Brady Quinn is one of the greatest quarterbacks to ever play for Notre Dame. Quinn played in many memorable games for the Fighting Irish, but a particular road game during his career stands out more than any other: A trip to Neyland Stadium to face No. 9 Tennessee.
On the latest episode of 247Sports’ Social Distance series, Quinn talked to Barton Simmons about Notre Dame’s trip to Neyland Stadium in 2004.
“My sophomore year, we had to go down to Knoxville, Tennessee for basically a night game,” Quinn said. “It was as loud of an environment as I’ve ever been around.”
Quinn was just a sophomore at the time as he led Notre Dame to a 17-13 win over the Volunteers. He threw for just 158 yards and a touchdown on 12-for-23 passing. Quinn’s lone touchdown pass came in the first quarter to give the Irish a 7-3 lead on an 8-yard pass to Anthony Fasano.
“It was a 4:00 or 5:00 p.m. kick, but it got dark there pretty quick,” Quinn recalled. “It was as loud of an environment as I’ve ever been around. To get out of there with a win, and I had an uncle who played ball at Kentucky — so that was a huge rivalry for him. They drove down from Lexington, Kentucky. How excited he was. How excited we were. That was one I’ll never forget.
“My center John Sullivan turned around at one point and gave me a look. After that series, I went off to the sidelines. I was like, ‘What were you trying to say?’ He said, ‘The ball was moving. I swear to you, it was so loud, the ball was moving on the ground during third down.’ Literally, our tackles couldn’t remember anything I was saying. We tried to go silent count, but it was tough.”
In that 2004 contest, Tennessee freshman quarterback Erik Ainge suffered a separated right shoulder right before halftime, and junior Rick Clausen took over in the second half. Tennessee held a 10-7 lead at the half, but the Irish would take a 14-10 lead after intercepting Clausen and returning it for a touchdown in the third quarter.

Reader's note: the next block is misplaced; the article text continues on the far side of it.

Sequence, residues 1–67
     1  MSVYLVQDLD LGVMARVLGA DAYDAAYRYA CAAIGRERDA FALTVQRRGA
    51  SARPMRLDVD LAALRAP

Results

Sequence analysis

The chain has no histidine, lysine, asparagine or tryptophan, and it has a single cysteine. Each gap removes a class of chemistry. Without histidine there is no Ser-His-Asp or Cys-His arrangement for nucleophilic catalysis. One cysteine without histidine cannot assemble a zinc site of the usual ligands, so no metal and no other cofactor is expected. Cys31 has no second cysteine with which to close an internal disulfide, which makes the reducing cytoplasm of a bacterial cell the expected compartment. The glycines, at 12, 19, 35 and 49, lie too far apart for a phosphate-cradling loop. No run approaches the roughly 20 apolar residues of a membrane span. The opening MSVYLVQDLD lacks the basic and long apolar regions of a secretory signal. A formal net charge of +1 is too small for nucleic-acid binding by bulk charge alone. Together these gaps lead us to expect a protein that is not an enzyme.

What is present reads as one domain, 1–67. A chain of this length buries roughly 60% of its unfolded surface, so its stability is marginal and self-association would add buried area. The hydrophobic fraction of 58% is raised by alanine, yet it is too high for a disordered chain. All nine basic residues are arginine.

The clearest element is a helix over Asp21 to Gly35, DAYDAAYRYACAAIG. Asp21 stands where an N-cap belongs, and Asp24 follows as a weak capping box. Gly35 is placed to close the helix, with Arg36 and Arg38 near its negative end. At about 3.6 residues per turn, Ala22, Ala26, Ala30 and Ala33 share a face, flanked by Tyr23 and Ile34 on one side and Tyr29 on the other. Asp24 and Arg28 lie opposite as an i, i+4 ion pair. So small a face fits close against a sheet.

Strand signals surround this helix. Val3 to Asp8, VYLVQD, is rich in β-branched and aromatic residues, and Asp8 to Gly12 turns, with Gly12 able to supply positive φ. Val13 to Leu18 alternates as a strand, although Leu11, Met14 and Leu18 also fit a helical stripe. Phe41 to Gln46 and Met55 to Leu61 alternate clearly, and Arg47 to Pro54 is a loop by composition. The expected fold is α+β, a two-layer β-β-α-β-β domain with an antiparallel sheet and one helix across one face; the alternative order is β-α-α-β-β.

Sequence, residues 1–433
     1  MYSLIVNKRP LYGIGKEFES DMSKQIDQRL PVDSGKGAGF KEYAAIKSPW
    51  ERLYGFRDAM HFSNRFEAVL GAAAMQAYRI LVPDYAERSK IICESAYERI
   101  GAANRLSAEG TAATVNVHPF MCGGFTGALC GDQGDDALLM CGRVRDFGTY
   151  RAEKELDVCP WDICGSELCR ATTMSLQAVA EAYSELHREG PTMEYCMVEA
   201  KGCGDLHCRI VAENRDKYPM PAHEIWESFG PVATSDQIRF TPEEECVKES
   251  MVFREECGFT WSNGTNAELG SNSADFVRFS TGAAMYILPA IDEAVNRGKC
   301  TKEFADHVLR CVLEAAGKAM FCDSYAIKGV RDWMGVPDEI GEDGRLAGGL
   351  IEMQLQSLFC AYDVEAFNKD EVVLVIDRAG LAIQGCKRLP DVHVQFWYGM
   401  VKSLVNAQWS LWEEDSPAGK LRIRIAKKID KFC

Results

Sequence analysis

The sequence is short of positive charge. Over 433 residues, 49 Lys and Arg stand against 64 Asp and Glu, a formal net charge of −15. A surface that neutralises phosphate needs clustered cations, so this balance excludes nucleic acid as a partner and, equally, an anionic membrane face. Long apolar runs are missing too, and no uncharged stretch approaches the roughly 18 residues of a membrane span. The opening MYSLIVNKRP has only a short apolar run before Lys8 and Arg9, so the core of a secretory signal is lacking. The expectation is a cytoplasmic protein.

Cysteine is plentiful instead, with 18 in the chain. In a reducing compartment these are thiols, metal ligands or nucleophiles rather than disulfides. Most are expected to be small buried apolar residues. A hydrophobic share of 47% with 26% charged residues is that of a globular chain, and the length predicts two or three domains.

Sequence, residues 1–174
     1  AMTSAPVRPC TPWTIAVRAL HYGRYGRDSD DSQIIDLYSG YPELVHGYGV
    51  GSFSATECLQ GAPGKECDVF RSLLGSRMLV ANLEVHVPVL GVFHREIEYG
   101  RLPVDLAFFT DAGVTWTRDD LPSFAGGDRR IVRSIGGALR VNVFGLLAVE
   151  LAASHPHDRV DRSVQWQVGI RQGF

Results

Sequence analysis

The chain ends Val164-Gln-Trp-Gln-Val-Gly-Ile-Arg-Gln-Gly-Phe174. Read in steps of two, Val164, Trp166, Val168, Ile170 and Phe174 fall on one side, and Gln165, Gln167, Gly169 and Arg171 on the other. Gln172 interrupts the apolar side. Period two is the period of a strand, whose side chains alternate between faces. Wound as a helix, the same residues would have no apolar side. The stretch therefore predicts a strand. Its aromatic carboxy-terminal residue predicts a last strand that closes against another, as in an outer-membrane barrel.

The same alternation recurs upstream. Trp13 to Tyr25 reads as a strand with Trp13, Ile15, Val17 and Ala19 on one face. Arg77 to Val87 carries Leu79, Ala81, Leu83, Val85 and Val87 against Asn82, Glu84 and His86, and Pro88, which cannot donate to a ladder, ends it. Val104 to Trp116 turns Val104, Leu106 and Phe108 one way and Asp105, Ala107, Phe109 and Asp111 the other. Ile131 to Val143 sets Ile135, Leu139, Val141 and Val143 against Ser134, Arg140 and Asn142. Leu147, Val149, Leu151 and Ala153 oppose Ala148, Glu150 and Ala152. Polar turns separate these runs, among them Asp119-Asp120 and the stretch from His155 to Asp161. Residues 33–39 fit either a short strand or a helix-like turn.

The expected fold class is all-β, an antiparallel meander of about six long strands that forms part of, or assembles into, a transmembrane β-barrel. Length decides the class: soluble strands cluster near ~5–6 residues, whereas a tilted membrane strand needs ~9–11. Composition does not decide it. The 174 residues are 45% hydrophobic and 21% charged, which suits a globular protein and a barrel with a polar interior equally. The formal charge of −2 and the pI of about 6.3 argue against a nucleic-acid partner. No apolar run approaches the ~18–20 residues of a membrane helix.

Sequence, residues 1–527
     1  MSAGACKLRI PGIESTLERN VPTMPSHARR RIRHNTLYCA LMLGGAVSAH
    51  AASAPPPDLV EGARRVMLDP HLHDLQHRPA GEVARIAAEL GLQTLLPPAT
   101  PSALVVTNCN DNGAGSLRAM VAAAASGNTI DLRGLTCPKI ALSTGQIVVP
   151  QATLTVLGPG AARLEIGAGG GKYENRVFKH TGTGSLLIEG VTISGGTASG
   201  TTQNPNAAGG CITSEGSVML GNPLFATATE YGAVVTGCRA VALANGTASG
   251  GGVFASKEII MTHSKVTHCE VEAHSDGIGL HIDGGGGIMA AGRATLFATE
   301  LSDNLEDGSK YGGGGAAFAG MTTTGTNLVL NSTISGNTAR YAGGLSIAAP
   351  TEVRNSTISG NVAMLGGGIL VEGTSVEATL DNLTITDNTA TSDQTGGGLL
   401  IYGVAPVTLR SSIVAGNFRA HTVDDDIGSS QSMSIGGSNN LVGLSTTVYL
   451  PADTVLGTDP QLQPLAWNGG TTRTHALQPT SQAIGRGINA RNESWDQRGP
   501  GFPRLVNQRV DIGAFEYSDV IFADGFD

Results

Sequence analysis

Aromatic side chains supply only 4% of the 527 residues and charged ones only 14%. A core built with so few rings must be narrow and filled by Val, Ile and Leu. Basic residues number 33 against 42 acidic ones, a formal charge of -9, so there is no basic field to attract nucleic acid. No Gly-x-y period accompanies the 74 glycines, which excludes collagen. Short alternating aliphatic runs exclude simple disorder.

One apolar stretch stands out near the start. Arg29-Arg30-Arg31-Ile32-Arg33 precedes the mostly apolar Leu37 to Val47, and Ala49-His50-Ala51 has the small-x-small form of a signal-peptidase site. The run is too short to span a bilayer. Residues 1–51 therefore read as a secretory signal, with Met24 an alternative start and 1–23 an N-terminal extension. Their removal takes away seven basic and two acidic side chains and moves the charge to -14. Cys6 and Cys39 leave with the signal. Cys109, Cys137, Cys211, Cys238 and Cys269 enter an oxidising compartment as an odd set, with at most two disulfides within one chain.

The Vols would inch closer with a 33-yard James Wilhoit field goal with 1:33 left in the third, and UT cut the Notre Dame lead to 14-13. But a 39-yard field goal by Notre Dame’s D.J. Fitzpatrick with 7:28 left in the game gave the Irish a 17-13 lead that they would hold on to.
That game in Knoxville was the first of two match-ups for Quinn against the Vols. Tennessee traveled to South Bend, Indiana the following season to take on Notre Dame, but that contest went even worse for the Vols.
In the ’05 match-up in South Bend, Tennessee fell 41-21 as it dropped to 3-5 on the season. Neither team was ranked heading into the game, but Note Dame exited 6-2 as it went on to finish 9-3 and No. 9 in the country.
Notre Dame jumped out to a 14-3 lead in the first quarter on a pair of Quinn touchdown passes. He found Anthony Fasano from 43 yards out and Maurice Stovall for a 35-yard touchdown, respectively.
Following a three-yard rushing touchdown from Arian Foster and a two-point conversion from Bret Smith, the Vols had stormed back to tie the game at 21-all entering the fourth quarter. Notre Dame went on to outscore Tennessee 20-0 in the fourth quarter to win.
Quinn accounted for his third touchdown pass of the game — a 3-yard toss to current San Francisco Giant pitcher Jeff Samardzija — to start the fourth quarter before a pair of Notre Dame field goals and an Irish pick-six off of Erik Ainge. Quinn finished 20-of-33 for 295 yards and three touchdowns in the win. He didn’t throw an interception while Ainge thew two for UT.
The Notre Dame star went on to be drafted No. 22 overall in the first round of the 2007 NFL Draft by the Cleveland Browns. Quinn played for five teams during his seven-year NFL career. In the midst of playing for the Browns, Broncos, Chiefs, Jets, and Rams, Quinn threw 12 touchdowns to 17 interceptions.
This isn’t the first time an opposing player has called Neyland Stadium a raucous environment despite getting a win in Knoxville. Two separate Oklahoma football players have recounted their experiences in Neyland from the Sooners-Vols match-up in 2015, calling it a once-in-a-lifetime experience and the “loudest stadium” they played in.